By John Lohn
CRANBURY, New Jersey, September 5. ANYONE yearning for some big-time competition? After a hot summer of action, the lull we are now experiencing is somewhat difficult to accept. Then again, the college season is creeping closer and the World Championships in Melbourne will be upon us in seven months. In the meantime, here are some random musings.
**At the 2000 Olympic Trials, Paul McMullen, a veteran writer at the The Baltimore Sun, chronicled the rise of a teenager into an Olympian. McMullen worked feverishly inside the Indiana University Natatorium to shed the brightest light on the achievements of Michael Phelps, then a 15-year-old who earned a berth to the Sydney Olympics in the 200-meter butterfly.
Now, six years and many meets later, McMullen’s book on Phelps, Amazing Pace, has been released. Simply put, McMullen’s work is sensational. As Phelps stormed toward an eight-medal performance at the Athens Olympics, no individual had a better feel for the workings of the Phelps circle than McMullen.
During Phelps’ run to Athens, McMullen was present at each of the competitions in which the phenom competed and provided a detailed breakdown of Phelps’ rapid development. But, McMullen also went a step further, analyzing Phelps’ meaning to the sport, the physiology that led to his success and the relationship he holds with his coach, Bob Bowman.
What McMullen produced was a splendid work, a well-rounded book that takes the reader beyond the pool deck.
**If there was any doubt as to how Grant Hackett would respond to the shoulder surgery he underwent earlier this year, the questions were answered last week at the Australian Short Course Championships. There, the distance ace registered victories in the 200, 400 and 1500 freestyles with his triumph in the metric mile arriving in a spectacular time of 14:19.47.
While the Australian women are stacked with talent, Hackett is exactly what the Aussie men need. With the male contingent from Down Under relatively weak and Ian Thorpe’s status uncertain, Hackett can carry the torch for the Australian men while they try to regain the form they knew at the Sydney Olympics. Look for Hackett to drop the hammer at the Aussie World Champs Trials in December.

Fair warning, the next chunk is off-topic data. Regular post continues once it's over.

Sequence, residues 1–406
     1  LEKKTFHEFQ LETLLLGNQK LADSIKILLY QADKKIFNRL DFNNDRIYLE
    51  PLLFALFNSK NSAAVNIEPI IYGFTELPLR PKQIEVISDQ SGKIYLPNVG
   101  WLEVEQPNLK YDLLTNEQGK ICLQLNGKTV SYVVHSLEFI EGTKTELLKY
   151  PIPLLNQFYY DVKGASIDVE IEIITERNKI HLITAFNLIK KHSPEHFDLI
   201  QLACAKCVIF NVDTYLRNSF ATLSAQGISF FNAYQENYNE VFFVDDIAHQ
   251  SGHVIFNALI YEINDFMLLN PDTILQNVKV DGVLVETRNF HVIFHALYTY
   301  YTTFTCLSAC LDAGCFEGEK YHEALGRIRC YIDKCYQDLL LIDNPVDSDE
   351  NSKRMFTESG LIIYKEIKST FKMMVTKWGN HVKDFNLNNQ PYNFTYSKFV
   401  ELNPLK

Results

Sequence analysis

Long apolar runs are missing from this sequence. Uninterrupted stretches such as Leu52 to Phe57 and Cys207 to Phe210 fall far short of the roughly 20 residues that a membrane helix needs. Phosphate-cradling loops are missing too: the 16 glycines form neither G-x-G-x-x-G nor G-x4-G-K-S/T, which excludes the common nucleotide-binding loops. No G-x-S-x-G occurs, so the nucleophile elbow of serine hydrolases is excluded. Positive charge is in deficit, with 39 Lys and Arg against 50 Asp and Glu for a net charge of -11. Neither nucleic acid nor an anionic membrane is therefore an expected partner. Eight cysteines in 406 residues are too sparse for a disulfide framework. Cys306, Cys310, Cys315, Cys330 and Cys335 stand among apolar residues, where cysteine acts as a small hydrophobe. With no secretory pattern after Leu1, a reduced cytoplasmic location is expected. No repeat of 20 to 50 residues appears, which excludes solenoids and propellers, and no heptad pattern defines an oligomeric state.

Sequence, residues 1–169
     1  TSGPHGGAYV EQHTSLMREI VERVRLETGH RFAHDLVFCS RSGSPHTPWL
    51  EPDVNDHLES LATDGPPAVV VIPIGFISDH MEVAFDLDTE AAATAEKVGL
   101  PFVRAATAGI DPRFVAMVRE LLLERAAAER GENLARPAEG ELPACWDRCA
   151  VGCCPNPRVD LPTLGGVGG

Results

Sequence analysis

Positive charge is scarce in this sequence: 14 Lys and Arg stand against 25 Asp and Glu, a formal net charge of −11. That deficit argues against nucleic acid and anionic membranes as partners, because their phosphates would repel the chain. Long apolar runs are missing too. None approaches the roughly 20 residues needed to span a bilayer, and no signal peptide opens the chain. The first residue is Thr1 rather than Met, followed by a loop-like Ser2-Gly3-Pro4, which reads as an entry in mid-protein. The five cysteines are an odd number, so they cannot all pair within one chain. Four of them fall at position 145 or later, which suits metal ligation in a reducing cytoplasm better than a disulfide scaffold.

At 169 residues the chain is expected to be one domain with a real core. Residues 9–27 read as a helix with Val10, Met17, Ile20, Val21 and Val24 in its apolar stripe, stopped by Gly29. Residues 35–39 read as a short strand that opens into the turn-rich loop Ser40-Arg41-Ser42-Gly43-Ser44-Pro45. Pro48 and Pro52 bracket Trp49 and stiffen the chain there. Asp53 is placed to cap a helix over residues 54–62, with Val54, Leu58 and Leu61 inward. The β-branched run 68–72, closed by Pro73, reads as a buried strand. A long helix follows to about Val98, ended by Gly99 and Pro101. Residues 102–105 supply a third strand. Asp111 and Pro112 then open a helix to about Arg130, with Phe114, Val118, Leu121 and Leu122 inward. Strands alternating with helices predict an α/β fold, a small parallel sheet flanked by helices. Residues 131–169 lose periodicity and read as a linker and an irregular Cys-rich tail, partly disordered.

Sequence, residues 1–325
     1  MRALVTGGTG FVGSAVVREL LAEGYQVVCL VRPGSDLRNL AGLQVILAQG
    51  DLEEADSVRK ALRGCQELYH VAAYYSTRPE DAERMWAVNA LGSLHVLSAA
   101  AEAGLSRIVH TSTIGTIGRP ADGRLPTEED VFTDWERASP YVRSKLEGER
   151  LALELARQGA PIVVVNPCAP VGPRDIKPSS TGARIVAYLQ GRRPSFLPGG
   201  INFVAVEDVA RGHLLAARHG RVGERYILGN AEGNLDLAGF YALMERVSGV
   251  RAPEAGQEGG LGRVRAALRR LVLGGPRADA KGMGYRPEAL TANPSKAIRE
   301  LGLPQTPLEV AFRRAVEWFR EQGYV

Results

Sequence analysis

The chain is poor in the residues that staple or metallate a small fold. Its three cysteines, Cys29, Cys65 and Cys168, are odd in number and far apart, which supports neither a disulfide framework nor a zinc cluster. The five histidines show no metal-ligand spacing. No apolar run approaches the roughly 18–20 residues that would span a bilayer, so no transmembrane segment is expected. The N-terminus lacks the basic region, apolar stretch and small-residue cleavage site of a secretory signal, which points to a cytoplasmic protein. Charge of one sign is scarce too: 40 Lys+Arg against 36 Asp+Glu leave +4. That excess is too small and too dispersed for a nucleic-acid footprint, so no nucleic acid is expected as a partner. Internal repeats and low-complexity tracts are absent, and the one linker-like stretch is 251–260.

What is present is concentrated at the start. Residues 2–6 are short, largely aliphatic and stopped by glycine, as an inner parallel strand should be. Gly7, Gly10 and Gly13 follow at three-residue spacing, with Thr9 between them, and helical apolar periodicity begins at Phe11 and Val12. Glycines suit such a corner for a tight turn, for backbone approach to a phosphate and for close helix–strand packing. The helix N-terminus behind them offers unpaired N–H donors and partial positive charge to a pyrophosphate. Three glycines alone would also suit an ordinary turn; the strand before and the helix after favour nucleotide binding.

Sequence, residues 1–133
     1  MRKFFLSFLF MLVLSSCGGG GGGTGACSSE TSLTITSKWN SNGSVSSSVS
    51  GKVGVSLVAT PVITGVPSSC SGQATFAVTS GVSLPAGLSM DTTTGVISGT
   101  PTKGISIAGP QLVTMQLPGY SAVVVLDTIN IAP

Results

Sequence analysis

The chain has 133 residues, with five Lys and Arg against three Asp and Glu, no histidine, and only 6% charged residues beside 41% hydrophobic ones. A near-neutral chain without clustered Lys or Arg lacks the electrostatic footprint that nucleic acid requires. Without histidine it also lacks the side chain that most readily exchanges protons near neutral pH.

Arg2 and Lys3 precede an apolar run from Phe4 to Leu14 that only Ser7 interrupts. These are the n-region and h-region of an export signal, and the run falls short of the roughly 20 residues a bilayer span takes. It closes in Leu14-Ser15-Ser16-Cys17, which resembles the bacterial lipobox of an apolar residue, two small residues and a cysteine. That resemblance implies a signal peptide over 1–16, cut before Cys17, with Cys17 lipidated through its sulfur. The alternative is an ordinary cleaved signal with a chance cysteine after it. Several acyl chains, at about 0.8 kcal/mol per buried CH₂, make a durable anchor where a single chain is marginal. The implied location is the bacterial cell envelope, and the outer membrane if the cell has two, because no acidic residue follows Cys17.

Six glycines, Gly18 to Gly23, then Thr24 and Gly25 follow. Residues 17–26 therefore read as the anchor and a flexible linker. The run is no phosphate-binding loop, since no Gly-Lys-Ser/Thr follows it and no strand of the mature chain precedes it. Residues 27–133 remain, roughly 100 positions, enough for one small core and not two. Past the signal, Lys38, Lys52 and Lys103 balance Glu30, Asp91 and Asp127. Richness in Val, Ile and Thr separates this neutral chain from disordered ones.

**En route to victory in the 200 individual medley at the Pan Pacific Championships, Whitney Myers made a strong case for the breakout performance of the summer. Clocking a time of 2:10.11, Myers became the third-fastest performer in the history of the event and edged American-record holder Katie Hoff for the gold medal. The swim instantly made Myers a major contender for a world title in the discipline.
**Away from the international scene for two years, Amanda Beard is scheduled to begin training this week with Trojan Swim Club. The return of the seven-time Olympic medalist arrives at a good time for United States swimming, as it is in need of a boost in the 200 breaststroke. And, if there is anyone who can provide a spark, Beard certainly qualifies.
**When Erik Vendt returned to training in the spring, thus turning his back on retirement, few doubted the two-time Olympian’s chances at returning to international stardom. But, Vendt deserves some serious kudos for the swiftness with which he returned to global renown. After just a few months with the boys at Club Wolverine, Vendt won the 1500 free at Nationals and made a stellar showing in the 400 individual medley, an event in which he’s a two-time Olympic silver medalist. With more time in the water, look for Vendt to make this comeback story even more enthralling.
**Speaking of comebacks, it’s hard to believe any athlete could compete in five Olympic Games. But, that’s exactly what Dara Torres is trying to accomplish. Having given birth to her first baby, Torres is back in the water and training for the 2008 Olympic Trials in Omaha, Neb. Torres’ best chance at making the U.S. Team is likely as a relay member in the 400 free relay. Yet, even if Torres does not make the team, the fact that she’s giving it a shot speaks volumes for her competitiveness and drive.